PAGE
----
Audiences have reported increased usage of weather and climate information in their everyday lives which has enabled them to mitigate the impact of weather changes on their livelihoods.

“In one of the programmes, they shared how the rains would fail and the different things we could do as farmers to cope, including planting more drought resistant seed varieties. I planted these on my farm that season and was able to get a much better harvest than my neighbours, most of whom lost their entire crop.” Female farmer, Kyanamukaka, Uganda

Journalists reported improved knowledge and understanding of weather and climate issues and improved editorial and production skills to develop weather and climate content . A journalist we supported at Bukkede FM in Uganda told us:

“I am now more knowledgeable in this topic and…I am now able to correctly interpret and translate it to my audience in a way they can understand and use it in their daily lives.”

Similarly, journalists and climate scientists/sector experts reported working with each other and improved capacity to effectively communicate on weather & climate information to target audiences.  A weather analyst in Uganda working with a partner radio station supported by our work said:

“My communication of weather information has improved greatly in that I am now more sensitive to the needs of the audience and I am keen on making sure that they understand the weather forecasts and what that means for their day to day lives.”

What’s next for Weather Wise

The project continues until late 2020 and audience feedback and recommendations continue to inform the development of programming. Such feedback and recommendations include:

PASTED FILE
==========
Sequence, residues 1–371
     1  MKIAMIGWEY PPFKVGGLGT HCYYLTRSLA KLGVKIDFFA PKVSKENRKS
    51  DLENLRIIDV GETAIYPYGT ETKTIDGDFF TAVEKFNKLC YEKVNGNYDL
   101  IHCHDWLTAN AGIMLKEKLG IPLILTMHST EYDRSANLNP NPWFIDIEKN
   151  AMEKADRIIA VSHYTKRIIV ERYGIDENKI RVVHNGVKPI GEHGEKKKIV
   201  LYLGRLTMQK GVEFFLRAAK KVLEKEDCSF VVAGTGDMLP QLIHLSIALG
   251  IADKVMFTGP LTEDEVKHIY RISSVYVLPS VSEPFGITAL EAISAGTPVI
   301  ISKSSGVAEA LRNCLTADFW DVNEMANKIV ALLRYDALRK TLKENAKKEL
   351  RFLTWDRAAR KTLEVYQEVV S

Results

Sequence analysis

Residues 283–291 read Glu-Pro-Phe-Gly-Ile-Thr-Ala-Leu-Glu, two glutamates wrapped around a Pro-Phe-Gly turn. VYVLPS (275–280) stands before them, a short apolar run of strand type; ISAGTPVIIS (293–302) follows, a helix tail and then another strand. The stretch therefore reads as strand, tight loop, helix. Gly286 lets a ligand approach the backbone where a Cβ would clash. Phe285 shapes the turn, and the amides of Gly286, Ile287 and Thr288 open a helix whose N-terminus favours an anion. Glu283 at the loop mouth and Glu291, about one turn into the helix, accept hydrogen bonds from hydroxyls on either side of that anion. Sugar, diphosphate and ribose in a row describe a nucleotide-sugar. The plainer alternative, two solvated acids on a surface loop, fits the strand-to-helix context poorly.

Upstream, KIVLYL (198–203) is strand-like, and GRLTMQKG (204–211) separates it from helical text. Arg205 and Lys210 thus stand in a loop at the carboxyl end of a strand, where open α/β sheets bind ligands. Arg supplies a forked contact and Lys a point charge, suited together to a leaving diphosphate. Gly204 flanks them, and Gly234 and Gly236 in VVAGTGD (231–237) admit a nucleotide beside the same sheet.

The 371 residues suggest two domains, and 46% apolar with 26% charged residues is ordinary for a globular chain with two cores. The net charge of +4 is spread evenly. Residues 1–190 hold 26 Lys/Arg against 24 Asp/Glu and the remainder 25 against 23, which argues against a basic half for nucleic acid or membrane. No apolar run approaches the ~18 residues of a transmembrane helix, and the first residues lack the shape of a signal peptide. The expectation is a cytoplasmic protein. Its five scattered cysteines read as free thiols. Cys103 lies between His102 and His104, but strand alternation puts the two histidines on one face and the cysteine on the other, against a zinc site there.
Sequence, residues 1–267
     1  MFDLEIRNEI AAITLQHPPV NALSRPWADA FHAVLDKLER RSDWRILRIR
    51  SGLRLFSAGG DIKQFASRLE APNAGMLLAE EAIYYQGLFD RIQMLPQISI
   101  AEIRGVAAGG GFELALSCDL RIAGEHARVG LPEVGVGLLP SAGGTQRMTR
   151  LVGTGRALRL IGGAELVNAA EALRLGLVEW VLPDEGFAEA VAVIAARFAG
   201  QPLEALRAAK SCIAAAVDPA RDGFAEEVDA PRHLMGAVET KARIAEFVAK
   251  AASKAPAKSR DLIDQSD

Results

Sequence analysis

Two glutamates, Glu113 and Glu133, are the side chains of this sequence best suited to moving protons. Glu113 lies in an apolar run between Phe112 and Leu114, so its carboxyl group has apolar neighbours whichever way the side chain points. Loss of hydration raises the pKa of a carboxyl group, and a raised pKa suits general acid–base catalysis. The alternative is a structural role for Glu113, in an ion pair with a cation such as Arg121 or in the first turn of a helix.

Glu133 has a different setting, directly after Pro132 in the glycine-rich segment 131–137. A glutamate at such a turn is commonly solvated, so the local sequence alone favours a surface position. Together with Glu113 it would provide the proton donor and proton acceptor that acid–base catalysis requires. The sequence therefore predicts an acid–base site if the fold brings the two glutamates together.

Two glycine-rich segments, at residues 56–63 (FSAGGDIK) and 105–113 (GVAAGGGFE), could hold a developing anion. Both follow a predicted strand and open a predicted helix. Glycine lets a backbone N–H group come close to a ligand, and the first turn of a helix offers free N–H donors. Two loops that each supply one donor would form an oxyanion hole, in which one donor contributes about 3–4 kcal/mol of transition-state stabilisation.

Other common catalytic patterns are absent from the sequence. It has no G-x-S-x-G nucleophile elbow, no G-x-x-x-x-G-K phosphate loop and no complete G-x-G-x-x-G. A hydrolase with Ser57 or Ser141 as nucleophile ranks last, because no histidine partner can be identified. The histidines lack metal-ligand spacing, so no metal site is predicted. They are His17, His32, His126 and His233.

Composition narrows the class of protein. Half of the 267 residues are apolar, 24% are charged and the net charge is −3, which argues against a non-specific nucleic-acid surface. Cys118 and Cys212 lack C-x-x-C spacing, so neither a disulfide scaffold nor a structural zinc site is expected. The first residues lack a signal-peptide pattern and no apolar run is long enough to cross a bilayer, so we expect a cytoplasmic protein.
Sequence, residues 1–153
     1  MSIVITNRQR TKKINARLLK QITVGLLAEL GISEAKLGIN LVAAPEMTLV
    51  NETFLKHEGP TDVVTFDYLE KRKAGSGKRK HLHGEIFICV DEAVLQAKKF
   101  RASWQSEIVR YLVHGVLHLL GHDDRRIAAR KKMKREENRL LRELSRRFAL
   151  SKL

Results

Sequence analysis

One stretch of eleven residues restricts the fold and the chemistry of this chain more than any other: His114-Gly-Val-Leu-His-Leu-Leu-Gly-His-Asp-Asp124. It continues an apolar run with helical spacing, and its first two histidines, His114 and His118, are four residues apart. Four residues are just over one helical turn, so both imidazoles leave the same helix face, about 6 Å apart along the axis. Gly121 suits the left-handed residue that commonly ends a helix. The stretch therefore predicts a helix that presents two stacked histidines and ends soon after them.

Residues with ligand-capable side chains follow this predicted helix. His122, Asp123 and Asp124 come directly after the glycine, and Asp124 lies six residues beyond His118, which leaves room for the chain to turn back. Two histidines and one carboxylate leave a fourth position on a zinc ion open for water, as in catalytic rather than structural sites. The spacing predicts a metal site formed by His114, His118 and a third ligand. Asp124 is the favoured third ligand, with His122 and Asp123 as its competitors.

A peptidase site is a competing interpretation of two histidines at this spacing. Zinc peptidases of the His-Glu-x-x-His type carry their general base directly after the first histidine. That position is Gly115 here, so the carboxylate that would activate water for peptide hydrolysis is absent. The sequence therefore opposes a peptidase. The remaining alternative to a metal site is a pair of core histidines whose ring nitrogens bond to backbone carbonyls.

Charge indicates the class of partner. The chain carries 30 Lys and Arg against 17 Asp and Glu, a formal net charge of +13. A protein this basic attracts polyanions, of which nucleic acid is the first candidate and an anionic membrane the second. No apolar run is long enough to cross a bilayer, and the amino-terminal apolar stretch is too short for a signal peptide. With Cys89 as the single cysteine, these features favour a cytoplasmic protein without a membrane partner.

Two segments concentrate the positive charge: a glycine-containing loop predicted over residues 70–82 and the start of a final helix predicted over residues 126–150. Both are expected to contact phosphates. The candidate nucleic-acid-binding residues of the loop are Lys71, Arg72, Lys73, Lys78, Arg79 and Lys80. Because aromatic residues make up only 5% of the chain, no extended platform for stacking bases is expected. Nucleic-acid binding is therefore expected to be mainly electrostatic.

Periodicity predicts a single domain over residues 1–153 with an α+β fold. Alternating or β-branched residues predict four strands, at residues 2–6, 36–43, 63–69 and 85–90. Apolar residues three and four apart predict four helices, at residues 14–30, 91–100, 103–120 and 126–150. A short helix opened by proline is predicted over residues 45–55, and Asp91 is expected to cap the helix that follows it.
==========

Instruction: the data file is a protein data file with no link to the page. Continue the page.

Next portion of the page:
• Translating the programmes into more local languages, as well as further simplifying technical terms and communicating them in local languages additional to Kiswahili, particularly among pastoralist communities. These insights were shared with radio partners and a number have now diversified their broadcast languages.
  • Some local radio stations such as Maata Radio in Turkana do not reach certain communities which means they have not received early warning for extreme weather events, such as floods and drought. To address this and increase reach, BBC Media Action has engaged two additional radio stations in the area.

Looking forward: Leveraging the power of media and communication to increase the impact of climate finance investments

The power of audience-centred mass media and communication to drive transformative ways of tackling the climate crisis has huge potential, but is still undervalued among the climate change community.

Climate finance can yield stronger impacts if:

  • Media and communication is given an integrated role within larger initiatives that address climate change.
  • Relationships between technical experts and media professionals are established and nurtured, especially among those in the Global South.
  • Evidence and learning around how media and communication can support climate action is generated and delivers insights for multiple stakeholders

BBC Media Action is actively seeking partnerships with climate change funders and other change-makers to enable us to continue designing and delivering creative, methodologically robust and impactful programming while strengthening the evidence base for ‘what works’.
To discuss opportunities to collaborate with BBC Media Action, please contact:

Arjuna Weerasinghe – Senior Partnerships Manager, BBC Media Action

Arjuna.weerasinghe@bbc.co.uk

Weather Wise is part of the Met Office’s Weather and Climate Information Services for Africa (WISER) project, funded by the UK Foreign, Commonwealth and Development Office